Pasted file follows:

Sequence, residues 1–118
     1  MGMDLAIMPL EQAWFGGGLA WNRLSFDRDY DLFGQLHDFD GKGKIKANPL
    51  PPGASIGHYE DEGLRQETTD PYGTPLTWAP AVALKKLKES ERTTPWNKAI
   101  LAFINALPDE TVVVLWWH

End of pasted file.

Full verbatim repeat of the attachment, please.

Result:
Sequence, residues 1–118
     1  MGMDLAIMPL EQAWFGGGLA WNRLSFDRDY DLFGQLHDFD GKGKIKANPL
    51  PPGASIGHYE DEGLRQETTD PYGTPLTWAP AVALKKLKES ERTTPWNKAI
   101  LAFINALPDE TVVVLWWH